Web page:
‘Gold miner’ leaves mark on county
Even his political foes were shocked when Nevada County Supervisor Drew Bedwell announced Tuesday that he will resign on June 2 because he has Hodgkin’s disease and will be undergoing intensive treatment.
Bedwell has been a pivotal and controversial figure on the county’s political scene for more than three years, a driving force in opposition to an environmental benchmarking project called Natural Heritage 2020 that triggered the ouster of two incumbent supervisors in the November 2002 election.
He was a mechanical engineer from the Bay Area before catching gold fever and moving to Nevada County. His day job is property management, but his passion is searching for gold on a 40-acre claim near Downieville on Tahoe National Forest land.
He first became a property rights activist in opposition to a forest management plan called the Sierra Nevada Framework. Joining groups such as Public Lands for the People and People for the USA, he participated in a Nevada protest in July 2000, removing a barrier on a Forest Service road kept closed to protect endangered trout.
But by that fall he emerged as the strongest voice against NH 2020, forming an organization called Protect Your Property Rights, whose members wore yellow arm bands to supervisor meetings. The movement grew, with his group spawning another, Citizens for Property Rights in Nevada County.
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As conflict in the county mounted, nearly 9,000 signatures were gathered asking that the future of NH 2020 be on the ballot in March 2002. That initiative was turned aside by the Board of Supervisors, but by then Bedwell and others were registering to challenge for the seats of two NH 2020 supporters up for re-election, Elizabeth Martin and Bruce Conklin.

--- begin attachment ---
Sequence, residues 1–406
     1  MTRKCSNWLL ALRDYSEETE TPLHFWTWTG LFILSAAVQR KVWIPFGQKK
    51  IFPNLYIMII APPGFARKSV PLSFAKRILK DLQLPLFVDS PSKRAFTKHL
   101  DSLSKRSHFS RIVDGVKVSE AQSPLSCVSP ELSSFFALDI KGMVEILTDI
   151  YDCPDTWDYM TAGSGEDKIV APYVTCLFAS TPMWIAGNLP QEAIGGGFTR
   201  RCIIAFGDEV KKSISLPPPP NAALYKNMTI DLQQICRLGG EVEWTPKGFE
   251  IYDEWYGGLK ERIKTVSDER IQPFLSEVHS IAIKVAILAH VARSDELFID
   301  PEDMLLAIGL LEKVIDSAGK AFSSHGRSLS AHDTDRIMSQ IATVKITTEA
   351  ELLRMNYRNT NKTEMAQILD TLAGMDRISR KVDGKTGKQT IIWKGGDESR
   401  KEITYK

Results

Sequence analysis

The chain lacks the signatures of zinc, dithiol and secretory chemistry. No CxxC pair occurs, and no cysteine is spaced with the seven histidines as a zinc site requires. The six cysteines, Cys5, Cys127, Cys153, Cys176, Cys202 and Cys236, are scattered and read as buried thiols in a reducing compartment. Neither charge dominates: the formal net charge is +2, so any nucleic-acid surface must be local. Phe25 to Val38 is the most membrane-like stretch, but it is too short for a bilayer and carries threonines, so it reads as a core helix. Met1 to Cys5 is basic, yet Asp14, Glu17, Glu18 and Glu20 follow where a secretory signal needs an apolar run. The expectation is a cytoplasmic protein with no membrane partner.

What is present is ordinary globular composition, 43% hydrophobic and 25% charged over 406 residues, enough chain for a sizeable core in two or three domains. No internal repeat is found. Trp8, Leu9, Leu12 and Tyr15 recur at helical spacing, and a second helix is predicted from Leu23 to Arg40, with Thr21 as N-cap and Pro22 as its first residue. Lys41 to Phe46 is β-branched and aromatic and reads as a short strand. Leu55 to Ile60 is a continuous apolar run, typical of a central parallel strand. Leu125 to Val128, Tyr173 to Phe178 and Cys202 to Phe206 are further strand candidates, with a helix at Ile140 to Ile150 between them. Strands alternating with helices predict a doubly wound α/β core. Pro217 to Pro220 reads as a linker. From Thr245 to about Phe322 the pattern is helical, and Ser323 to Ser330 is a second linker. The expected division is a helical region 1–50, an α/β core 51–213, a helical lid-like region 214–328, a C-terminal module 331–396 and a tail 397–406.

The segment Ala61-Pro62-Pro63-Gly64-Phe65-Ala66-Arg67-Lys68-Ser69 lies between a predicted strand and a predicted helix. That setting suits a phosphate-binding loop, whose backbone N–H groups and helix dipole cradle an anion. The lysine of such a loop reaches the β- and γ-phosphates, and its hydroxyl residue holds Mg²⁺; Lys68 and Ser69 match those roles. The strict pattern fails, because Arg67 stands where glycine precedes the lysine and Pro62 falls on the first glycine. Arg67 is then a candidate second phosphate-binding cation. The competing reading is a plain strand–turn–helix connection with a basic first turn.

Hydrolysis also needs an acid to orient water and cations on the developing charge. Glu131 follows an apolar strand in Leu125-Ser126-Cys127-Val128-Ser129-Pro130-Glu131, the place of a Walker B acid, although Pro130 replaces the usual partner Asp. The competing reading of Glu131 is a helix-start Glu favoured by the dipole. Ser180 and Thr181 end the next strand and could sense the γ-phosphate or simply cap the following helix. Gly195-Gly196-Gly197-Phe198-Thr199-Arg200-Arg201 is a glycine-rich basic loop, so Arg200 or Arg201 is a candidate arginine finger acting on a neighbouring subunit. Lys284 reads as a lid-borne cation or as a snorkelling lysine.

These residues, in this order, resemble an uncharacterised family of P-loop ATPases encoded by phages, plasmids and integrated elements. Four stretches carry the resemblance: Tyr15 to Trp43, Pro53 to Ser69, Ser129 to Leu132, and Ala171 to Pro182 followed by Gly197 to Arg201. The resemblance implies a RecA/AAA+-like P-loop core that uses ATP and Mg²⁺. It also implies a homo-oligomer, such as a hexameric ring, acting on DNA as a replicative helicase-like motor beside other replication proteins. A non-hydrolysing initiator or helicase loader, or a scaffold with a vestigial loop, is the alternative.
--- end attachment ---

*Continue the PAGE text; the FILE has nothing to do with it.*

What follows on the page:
In the March primary, Bedwell outpolled Conklin in District 3 in a three-man race, presaging the November runoff, where a recount declared Bedwell the victor by a 19-vote edge. In District 4, Martin was blown away by NH 2020 foe Robin Sutherland.
Despite moving from the public-comment microphone to a supervisor’s chair, Bedwell has continued to be a gadfly – a public official who seemed to have his own unique passions and causes. His latest crusade – questioning the finances of the popular South Yuba River Citizens League – was an extension of his continuing battle of the pugnacious, lone gold miner vs. those he called the “Pagan Greens.”
That voice of protest now will be stilled, at least for the time being, as Bedwell fights to beat cancer. This being a politically volatile county, no doubt other strong voices will arise. But few will be as influential in such a short amount of time as Drew Bedwell’s.
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